Finest Hour 121, Winter 2003-04
By Christopher H. Sterling
FDR in 1944: A Diminished President, by Matthew B. Wills. Ivy House, 192pp., illus., $22.95. Order from the publisher, (800) 948-2786.
There seems to be a growing fascination with and trend toward issuing studies of great persons in the context of their personal histories—medical and matrimonial. Recent studies of John Kennedy and Princess Diana are but two examples. This privately-published volume is such a book—a warm and feeling description of the last full year of Franklin Roosevelt’s life as his health worsened, though this vital fact was withheld from all but a tiny handful of close aides. Wills’s focus is on the impact of that disastrous decline on American policy as the war turned solidly in the Allies’ favor.
The author practiced law for a third of a century in Colorado before retiring and turning to his love of American history. He had a published study of the many wartime missions of Harry Hopkins to his credit before undertaking this analysis of the complex tale of Roosevelt’s decline. Not a medical man himself, Wills seems to have sought good advice from others as he pored over papers from the FDR Library and other resources better to understand and relate how the President’s declining faculties affected political and military decision-making in Washington, and with the Big Three, including Churchill. Only when FDR reported to Congress early in 1945, just after returning from the Yalta conference, was his obvious decline on public display for all to see. He died just three months later.
In part this is a study of deliberate deceit. Not that there was no precedent—Woodrow Wilson’s wife and doctor had conspired to keep his parlous state from the public eye in 1919-20. In those now long-vanished days, reporters and editors treated the White House with a distant respect and generally accepted what they were told. Little had changed a generation later as FDR was in decline, and a small coterie of aides could readily keep the truth from prying eyes—especially when wartime secrecy was an accepted mode of operation.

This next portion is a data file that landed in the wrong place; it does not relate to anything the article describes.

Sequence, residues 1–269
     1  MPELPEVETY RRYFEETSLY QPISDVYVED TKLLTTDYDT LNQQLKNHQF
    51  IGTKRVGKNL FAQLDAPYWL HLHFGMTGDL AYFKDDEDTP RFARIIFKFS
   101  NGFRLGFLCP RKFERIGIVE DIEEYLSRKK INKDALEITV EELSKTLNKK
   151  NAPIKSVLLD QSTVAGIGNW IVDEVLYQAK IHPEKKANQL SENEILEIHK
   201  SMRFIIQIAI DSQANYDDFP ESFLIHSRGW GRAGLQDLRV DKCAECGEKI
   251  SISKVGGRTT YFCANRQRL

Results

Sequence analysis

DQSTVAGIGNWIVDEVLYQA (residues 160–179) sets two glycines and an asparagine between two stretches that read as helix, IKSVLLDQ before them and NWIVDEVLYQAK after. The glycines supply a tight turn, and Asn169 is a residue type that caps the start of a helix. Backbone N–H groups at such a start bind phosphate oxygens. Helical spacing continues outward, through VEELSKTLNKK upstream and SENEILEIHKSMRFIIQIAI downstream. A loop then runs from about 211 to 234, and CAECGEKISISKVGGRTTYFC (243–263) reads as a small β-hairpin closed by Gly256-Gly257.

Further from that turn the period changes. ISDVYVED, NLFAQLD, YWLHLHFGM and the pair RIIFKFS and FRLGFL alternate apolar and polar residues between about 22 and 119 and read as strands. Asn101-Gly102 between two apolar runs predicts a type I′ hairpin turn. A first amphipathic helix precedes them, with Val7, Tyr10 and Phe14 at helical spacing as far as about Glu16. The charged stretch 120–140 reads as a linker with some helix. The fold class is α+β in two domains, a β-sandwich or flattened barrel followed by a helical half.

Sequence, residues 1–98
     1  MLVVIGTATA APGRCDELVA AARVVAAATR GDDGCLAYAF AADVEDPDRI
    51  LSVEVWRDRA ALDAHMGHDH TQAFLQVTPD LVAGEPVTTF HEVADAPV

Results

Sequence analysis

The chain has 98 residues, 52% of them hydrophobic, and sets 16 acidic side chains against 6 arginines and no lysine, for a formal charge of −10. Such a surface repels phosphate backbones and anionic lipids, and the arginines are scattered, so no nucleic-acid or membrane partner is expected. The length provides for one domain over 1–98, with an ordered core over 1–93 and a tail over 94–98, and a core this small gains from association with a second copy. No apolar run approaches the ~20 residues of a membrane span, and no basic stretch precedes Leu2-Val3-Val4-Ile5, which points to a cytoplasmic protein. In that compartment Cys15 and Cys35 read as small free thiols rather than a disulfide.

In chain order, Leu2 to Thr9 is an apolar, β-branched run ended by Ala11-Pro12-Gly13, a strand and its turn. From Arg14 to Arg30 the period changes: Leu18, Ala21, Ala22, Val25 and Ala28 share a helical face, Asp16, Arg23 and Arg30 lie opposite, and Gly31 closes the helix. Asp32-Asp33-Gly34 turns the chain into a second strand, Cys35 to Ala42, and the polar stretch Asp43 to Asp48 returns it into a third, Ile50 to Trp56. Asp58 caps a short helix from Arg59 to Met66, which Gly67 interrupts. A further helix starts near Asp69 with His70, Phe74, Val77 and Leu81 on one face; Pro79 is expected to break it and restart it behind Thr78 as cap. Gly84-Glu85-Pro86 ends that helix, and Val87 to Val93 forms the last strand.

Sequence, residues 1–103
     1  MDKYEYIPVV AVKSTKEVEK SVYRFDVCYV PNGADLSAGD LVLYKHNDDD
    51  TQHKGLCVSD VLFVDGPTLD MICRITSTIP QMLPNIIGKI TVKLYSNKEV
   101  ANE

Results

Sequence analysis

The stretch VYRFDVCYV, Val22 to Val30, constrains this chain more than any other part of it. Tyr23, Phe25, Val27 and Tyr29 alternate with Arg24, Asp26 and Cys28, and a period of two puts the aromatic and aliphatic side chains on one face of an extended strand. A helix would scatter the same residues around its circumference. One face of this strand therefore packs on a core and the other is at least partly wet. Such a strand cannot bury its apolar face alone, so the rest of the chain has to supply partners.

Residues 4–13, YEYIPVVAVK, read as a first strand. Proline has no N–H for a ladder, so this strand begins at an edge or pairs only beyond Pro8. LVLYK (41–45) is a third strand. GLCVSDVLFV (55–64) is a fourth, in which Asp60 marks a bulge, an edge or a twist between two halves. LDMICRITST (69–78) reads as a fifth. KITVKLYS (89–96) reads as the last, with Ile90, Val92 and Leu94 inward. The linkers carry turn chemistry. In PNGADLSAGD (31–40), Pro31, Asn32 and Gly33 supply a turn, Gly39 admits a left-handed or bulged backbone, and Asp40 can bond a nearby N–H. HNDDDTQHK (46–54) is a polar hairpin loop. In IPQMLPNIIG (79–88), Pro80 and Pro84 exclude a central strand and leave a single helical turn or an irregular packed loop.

And in part Wills’s study reveals the very different press performance standards of the era. While we’ve all heard the stories of the informal agreement not to portray the President’s paralysis in photographs (and, indeed, only two or three such pictures are known to exist), readers in the early 21st century will find it hard to believe (and perhaps to understand) how editors could so limit what they reported about the President’s health. Given what we now know about present and many past political leaders—whether we want to know or not—the seeming trust of the public in what they read in 1944 helps to explain the widespread worldwide shock when the President died in April 1945.
Wills’s approach is chronological. He tells us the story of Roosevelt in 1944, from wartime decisions to domestic politics (including, of course, the 1944 national reelection campaign), to family relationships. Making good use of judicious quotes from contemporary observers, Wills focuses on the growing concerns of those around the President, the choice of Truman as Vice-President (and, as many expected to be the case, President sooner rather than later), the changing relationship between Harry Hopkins and the President, Churchill and Roosevelt, the sacrifice of General “Vinegar Joe” Stilwell in China in favor of retaining Chiang Kai-shek in power, the decline of American foreign policy under Secretary of State Cordell Hull (himself infirm), and a brief epilogue.
The chapter on Churchill and Roosevelt, while not adding much to what is already known of that famous relationship, is interesting nonetheless. Wills demonstrates some of the growing differences between the two men, especially concerning the future of the British Empire and the timing and location of attacks on German-occupied Europe. He concludes that Roosevelt treated Churchill inconsistently (at best), but that his declining health is probably the explanation.
Wills’s book is engagingly written, taut and to the point. It helps to shed light on a critical period in both Roosevelt’s and Churchill’s lives, making clearer the health-driven changes that few understood at the time.